The Eight Best Moments From alt-J’s Melbourne Show
alt J’s live show has always been their sonic calling card, and on Sunday night at Melbourne’s Rod Laver Arena, they knocked it out of the park once again.
The lighting effects
After playing their first Melbourne show at Ding Dong Lounge just two and a half years ago before stepping up to Festival Hall in July 2013, there were doubts over whether alt J’s moody vibes would suit the massive expanse of Rod Laver Arena. Within seconds, it was clear the jump to the biggest venue in town was worth it for the luxuries of the light show alone.
It’s strange to think that lights provided one of the highlights of what was a damn fine rock show, but the visual trickery wasn’t an overshadowing presence – more like a complementary one. The band was often bathed in darkness save for a spotlights, giving off an eerie feel (that also conjured up call backs to Spinal Tap’s classic appearance on The Simpsons), while on-theme shapes and colours danced, spun and swum in time with the beat across a giant LED backdrop.
While they may not have been able to fill Rod Laver with people (around a third of the nosebleed seats were blocked off and blacked out), alt J definitely filled every inch of available space with their sound and special effects.
The beat drop 27 seconds into ‘Fitzpleasure’
After opening with ‘Hunger of the Pine’, from second record This Is All Yours, alt J kicked off a run of songs from their back catalogue with the booming fan favourite ‘Fitzpleasure’, which instantly lifted the crowd from its late Sunday night slumber.
Beginning with dense, multi-layered a Capella chanting, the song explodes into a wonky, warped, and just plain weird bass driven jam that’s packed with equal parts tension and moments of relief.
It was the perfect example of their ability to be precise and polished, while also letting loose.
The group harmonies
It wasn’t just ‘Fitzpleasure’ where the band showcased their knack for haunting harmonies. Often, the three voices of keyboardist Gus Unger-Hamilton, guitarist/lead vocalist Joe Newman, and new bass player Cameron Knight, were the sole focus and they absolutely crushed it.
Unger-Hamilton was charged with talking to the crowd but kept banter to an absolute minimum. His speaking voice is so different from his singing voice, it’s almost as if he’s an actor playing a character in each song. While Newman didn’t utter a word, you can imagine it’s much the same for him, with his impeccably strange singing voice soaring faultlessly across tricky lyrics and keys.
‘Interlude 1 (Ripe and Ruin)’ into ‘Tessellate’
‘Interlude 1 (Ripe and Ruin)’ was where they were really able to show off the harmonies mentioned above. Guitar riffs, piano hooks, and driving drums are the solid staples of alt J’s music, but it’s their off-kilter vocals that really set them apart.
The song saw Unger-Hamilton and Newman lit in dim white lights amid an otherwise black stage, armed with only themselves as they rolled over the repeating, non sequitur lyrics.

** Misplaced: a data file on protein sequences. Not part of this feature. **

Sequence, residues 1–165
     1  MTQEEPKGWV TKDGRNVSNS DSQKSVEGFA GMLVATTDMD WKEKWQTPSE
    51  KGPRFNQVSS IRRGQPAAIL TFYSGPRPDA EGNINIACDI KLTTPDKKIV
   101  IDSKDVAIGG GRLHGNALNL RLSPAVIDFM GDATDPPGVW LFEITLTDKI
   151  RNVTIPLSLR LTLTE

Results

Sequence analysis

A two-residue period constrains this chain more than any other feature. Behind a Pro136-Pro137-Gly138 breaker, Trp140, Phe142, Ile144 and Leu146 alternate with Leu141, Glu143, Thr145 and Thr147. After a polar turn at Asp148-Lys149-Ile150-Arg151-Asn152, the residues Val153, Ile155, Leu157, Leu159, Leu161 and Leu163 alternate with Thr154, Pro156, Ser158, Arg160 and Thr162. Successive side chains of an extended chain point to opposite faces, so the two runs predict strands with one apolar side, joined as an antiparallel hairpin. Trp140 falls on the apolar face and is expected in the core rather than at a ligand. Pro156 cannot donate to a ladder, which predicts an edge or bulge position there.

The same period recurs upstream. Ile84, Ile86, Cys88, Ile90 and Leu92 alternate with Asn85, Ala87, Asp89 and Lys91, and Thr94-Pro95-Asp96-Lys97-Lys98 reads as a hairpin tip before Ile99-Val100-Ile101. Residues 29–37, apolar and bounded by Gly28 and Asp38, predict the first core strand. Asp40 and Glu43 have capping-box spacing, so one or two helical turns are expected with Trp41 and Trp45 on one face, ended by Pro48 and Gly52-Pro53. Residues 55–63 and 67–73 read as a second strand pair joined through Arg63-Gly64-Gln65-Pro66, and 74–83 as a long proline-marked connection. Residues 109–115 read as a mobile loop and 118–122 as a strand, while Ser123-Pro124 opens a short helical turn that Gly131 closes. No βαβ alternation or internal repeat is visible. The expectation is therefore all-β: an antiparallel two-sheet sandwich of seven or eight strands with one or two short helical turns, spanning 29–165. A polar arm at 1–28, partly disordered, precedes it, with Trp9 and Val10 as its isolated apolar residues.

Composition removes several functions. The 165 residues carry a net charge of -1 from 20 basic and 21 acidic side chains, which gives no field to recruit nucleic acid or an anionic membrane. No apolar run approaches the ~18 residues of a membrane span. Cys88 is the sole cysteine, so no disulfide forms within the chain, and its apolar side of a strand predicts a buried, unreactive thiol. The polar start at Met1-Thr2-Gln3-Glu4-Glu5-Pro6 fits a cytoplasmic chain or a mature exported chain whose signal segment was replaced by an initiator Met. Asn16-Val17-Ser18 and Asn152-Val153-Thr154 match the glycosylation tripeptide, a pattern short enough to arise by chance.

On 2012’s An Awesome Wave, ‘Tessellate’ comes straight after ‘Interlude’, and also followed directly during their previous live shows, so while the crowd knew what was coming next, it didn’t dim the raucous reaction the menacing opening piano bar received.
The tunes pair up perfectly, so it’s little wonder they continue to bleed them one into the other. ‘Tessellate’ continues to be one of alt J’s best live songs, despite its slightly abnormal timing. It’s the anti-‘Fitzpleasure’, ramping the tension to 11 while never really breaking wide apart.
‘Left Hand Free’
While touring An Awesome Wave, alt-J cultivated a tight set that essentially saw them play the album track by track in order. With a second album under their belt, it was interesting to see them weave the newer songs into the mix.
‘Left Hand Free’ isn’t like anything that came before or after it, with its Led-Zeppelin like riff and 70’s rock grooves. But, they managed to make sure it wasn’t out of place at all, ramping up the eccentric jangly guitar to another level to make it the focus of the song.
Whenever drummer Thom Green’s snare drum got involved
alt J’s music is both driven and anchored by sharp drumming, and Thom Green was best on ground for the night.
While all of his drumming is sensational, it’s the snap and pop of his steady snare drum that beats its way into your chest every damn time.
Along with ‘Matilda’, the folky rustic ballad ‘Warm Foothills’ made for one of the quieter moments, but was certainly no less arresting.
The loopy, plucky acoustic guitar like something that’s more likely to be found on a Mumford & Sons record, but alongside alt J’s electronic elements, it made for a nicely timed breather towards the end of the set.
It’s a cliché to suggest that a band’s biggest hit was one of the moments of the night, but ‘Breezeblocks’ is a song that has legs. Tone Deaf interviewed Unger-Hamilton late last year, and when asked about the repetition of performing the tune, said: “A song that gets a response like that, you could play your whole life and not get sick of it.”
It was easy to identify with his comments. After a slightly lacklustre encore (the band decided to play its bigger hits earlier in the night), fans were practically climbing the walls at the sound of the first note as the energy in the arena suddenly lifted 45 notches and the crowd ended the night belting out the entirely appropriate “please don’t go, please don’t go, I love you so, I love you so” refrain.